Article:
Once or twice while we were living at Twin Pines on the shore of Taylor Lake we lost food, not because of power outages although they were a problem several times each summer. It was because the deep freezer failed, and we didn't notice because we kept enough in the freezer of the refrigerator to supply us for several days at a time. We only noticed the other appliance to be in trouble when we got our feet wet.
We could have saved stuff by getting ice at the local store and putting perishables in a picnic cooler.
When we heard of gift certificates for people in Toronto who let their perishables rot in their refrigerators or freezers, we were surprised, to put it politely. With the city coated by megatons of ice, what excuse could there be for letting your food rot? Those in apartments with balconies need only pack perishables in coolers or cardboard boxes, or wrapped in a blanket outside their doors. Those in houses could use any number of emergency methods with ice or snow or unheated outbuildings.
Some foods might have been swiped by human opportunists or eaten by racoons, but not too many would be venturing out during the cold snap.
After our first surprise at the lavishing of money on Torontonians, our mood turned darker, to anger and disgust at the government of the province digging into our pockets to reward those too lacking of common sense to protect their own food. What prompted this action? Are the premier and her advisors just acting without much logic, as lacking of considered response to the situation as the city dwellers? A nastier conjecture: is the minority government merely trying to buy votes to soften the public outrage over the wasting of our taxes by this pockmarked administration?
Martha and I lived the first decade of our lives without the luxury of electrical energy in our homes. Actually I was six when our farm was joined to the grid. The house Martha and I first called home wasn't wired until 1950. Before power arrived from Niagara Falls people had wet or dry cell batteries to power a radio or operate a flashlight. Our parents knew how to store food like the wild creatures, in root cellars or in buckets lowered into wells. Some of our neighbours stored blocks of ice cut from the Otter Creek or from ponds and stored in sawdust or straw to be used in iceboxes during the hot months.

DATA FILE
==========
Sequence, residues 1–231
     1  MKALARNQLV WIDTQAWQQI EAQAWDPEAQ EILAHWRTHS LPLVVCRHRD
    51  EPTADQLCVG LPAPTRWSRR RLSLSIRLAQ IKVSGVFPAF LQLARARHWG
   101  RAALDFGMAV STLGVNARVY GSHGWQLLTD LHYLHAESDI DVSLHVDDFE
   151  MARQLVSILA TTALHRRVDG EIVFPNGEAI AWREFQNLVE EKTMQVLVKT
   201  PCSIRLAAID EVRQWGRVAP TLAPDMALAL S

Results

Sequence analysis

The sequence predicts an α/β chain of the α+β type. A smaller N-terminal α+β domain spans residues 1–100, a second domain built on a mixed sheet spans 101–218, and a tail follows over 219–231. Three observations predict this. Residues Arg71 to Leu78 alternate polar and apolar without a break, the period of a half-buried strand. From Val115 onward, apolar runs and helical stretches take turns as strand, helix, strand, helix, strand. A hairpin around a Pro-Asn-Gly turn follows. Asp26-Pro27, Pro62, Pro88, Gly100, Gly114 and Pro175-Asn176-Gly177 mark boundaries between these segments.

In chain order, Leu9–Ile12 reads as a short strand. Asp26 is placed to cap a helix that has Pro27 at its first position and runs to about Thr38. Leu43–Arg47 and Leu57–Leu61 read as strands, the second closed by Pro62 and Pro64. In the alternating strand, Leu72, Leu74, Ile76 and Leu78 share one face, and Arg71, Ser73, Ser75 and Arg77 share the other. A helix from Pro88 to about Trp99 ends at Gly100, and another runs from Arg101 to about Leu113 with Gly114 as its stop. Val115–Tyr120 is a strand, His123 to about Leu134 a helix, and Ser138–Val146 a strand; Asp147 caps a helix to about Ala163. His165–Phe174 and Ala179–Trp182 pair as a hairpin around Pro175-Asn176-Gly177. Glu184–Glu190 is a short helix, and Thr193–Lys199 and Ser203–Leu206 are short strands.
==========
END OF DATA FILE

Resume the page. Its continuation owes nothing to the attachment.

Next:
Those ice boxes were crafted from fine wood, lined with zinc. They are still used as decorative storage chests by people who recognize the artisanship.
Housewives canned beef, pork, sausages to be stored in dry attics or cellars. Fruits and vegetables could be canned or dried, or stored below frost in root cellars.
City dwellers, before people like Tom Edison and Nicola Tesla learned how to harness electricity, had ice delivered by horse drawn wagons to their homes to be used in ice boxes. I remember lying awake early in the morning in an uncle's house in Detroit listening to the clop clop clopping of hooves up and down the streets delivering milk and ice. That was in 1934. Sister Gretta was a new-born, I was four years old. In the 1940s when I lived in St. Thomas with another uncle, horse drawn wagons still delivered ice, milk, and bread door to door.
The horses knew their routes, where to stop, and when to start as their driver climbed aboard. If needed there was an iron weight on a tether that could be used to anchor the horse's reins while the delivery man made his stop.
I don't suggest today's city dwellers could get through a multiday power outage with these methods. Innovation has erased them from our amenities.
On a positive note, the management and workers of Ontario Power performed Herculean tasks to restore power in relatively short time. Working on power lines is dangerous in good weather, but driving trucks on streets like skating rinks and working on lines and trees coated with ice and operating chainsaws to clear fallen trees is a whole different scene.
We thank them.
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